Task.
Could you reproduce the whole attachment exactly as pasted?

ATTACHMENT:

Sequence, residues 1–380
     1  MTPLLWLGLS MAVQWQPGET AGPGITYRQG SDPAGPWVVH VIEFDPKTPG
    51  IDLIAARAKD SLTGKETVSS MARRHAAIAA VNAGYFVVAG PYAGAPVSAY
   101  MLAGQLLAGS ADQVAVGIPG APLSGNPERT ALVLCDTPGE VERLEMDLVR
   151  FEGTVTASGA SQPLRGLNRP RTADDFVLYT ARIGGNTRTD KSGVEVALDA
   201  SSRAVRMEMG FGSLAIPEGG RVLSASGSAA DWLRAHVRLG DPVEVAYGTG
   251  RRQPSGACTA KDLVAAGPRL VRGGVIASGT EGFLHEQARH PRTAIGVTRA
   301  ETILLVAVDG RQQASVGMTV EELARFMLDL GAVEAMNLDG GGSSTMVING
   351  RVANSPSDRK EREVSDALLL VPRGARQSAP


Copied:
Sequence, residues 1–380
     1  MTPLLWLGLS MAVQWQPGET AGPGITYRQG SDPAGPWVVH VIEFDPKTPG
    51  IDLIAARAKD SLTGKETVSS MARRHAAIAA VNAGYFVVAG PYAGAPVSAY
   101  MLAGQLLAGS ADQVAVGIPG APLSGNPERT ALVLCDTPGE VERLEMDLVR
   151  FEGTVTASGA SQPLRGLNRP RTADDFVLYT ARIGGNTRTD KSGVEVALDA
   201  SSRAVRMEMG FGSLAIPEGG RVLSASGSAA DWLRAHVRLG DPVEVAYGTG
   251  RRQPSGACTA KDLVAAGPRL VRGGVIASGT EGFLHEQARH PRTAIGVTRA
   301  ETILLVAVDG RQQASVGMTV EELARFMLDL GAVEAMNLDG GGSSTMVING
   351  RVANSPSDRK EREVSDALLL VPRGARQSAP